Ray McLean
No. 57
Position:Halfback
Personal information
Born:(1915-12-06)December 6, 1915
Lowell, Massachusetts
Died:March 4, 1964(1964-03-04) (aged 48)
Ann Arbor, Michigan
Height:5 ft 10 in (1.78 m)
Weight:168 lb (76 kg)
Career information
High school:Cushing Academy
(Ashburnham, Massachusetts)
College:St. Anselm (NH)
NFL Draft:1940 / Round: 21 / Pick: 192
Career history
As a player:
As a coach:
Career highlights and awards
Career NFL statistics
Head coaching record
Career:1–10–1 (1958)
Player stats at NFL.com
Coaching stats at PFR

Raymond Tuttle "Scooter" McLean (December 6, 1915 – March 4, 1964) was an American football player and coach at both the collegiate and professional levels, He was a member of four NFL championship teams with the Chicago Bears in 1940, 1941, 1943, and 1946. He may be best remembered for preceding Vince Lombardi as head coach of the Green Bay Packers in 1958.[1]

Early years

Born in Lowell, Massachusetts and raised in Concord, New Hampshire, McLean went to prep school at Cushing Academy in Ashburnham, Massachusetts, then played both football and basketball in New Hampshire at St. Anselm College in Goffstown.

Playing career

He was selected by the Chicago Bears in the 21st round of the 1940 NFL Draft and played eight years with the team, and also found time during the offseason to play semipro baseball. His real last name is "MacLean," and was changed because the press consistently misspelled it.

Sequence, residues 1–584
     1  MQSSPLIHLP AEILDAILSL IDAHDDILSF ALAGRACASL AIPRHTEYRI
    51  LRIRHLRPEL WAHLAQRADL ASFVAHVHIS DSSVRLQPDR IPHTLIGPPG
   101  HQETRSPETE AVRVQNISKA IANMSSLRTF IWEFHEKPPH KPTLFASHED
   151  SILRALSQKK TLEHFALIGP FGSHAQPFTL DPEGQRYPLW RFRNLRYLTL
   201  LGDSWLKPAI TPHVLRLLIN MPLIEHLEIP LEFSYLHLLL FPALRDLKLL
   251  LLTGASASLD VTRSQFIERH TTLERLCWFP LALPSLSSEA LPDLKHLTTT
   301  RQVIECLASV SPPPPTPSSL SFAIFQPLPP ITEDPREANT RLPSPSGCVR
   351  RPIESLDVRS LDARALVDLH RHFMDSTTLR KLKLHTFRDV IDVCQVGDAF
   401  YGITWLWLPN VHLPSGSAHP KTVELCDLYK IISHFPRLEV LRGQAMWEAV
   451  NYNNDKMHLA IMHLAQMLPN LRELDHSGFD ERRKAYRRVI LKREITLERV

Common for the era, McLean played on both sides of the ball, catching 103 passes for over 2,200 yards and 21 touchdowns, while also gaining 412 yards via the running game. On defense, he intercepted 18 opponent tosses, while his special teams work also sparkled with three punt returns for touchdowns, one an 89-yard dash against the crosstown Chicago Cardinals. In his final season in 1947, he also was the team's kicker.

McLean is also remembered for his successful drop kicked extra point in the Bears' 37–9 championship game win over the New York Giants on December 21, 1941.[2] For 64 years, this would be the last score via this play in the NFL until New England Patriots' quarterback Doug Flutie's drop kicked conversion in a 28–26 loss to the Miami Dolphins in the regular season finale on January 1, 2006.[2] Drop kicks had been a common part of the game until 1934 when the game's watermelon-shaped ball was replaced with the modern prolate spheroid, which made passing easier but drop kicking less reliable, led to their decline and virtual extinction.[3][4] The last successfully drop kicked field goal still belongs to Earl "Dutch" Clark of the Detroit Lions, which he scored during a 16–7 win over the Chicago Cardinals on September 19, 1937.[3]

Coaching career

Lewis College

On March 3, 1948, McLean signed a contract to serve as head coach of Lewis College in Lockport, Illinois, southwest of Chicago. To supplement his income during that first year, he also served as an assistant coach with the Chicago Rockets of the All-America Football Conference. During his first two seasons at Lewis, McLean's teams completely dominated, outscoring opponents 548–80 while compiling a 14–2 record. In 1950, the school moved to the much stronger Midlands Intercollegiate Athletic Conference, but McLean left after that campaign to become an assistant with the Packers in 1951.

Green Bay Packers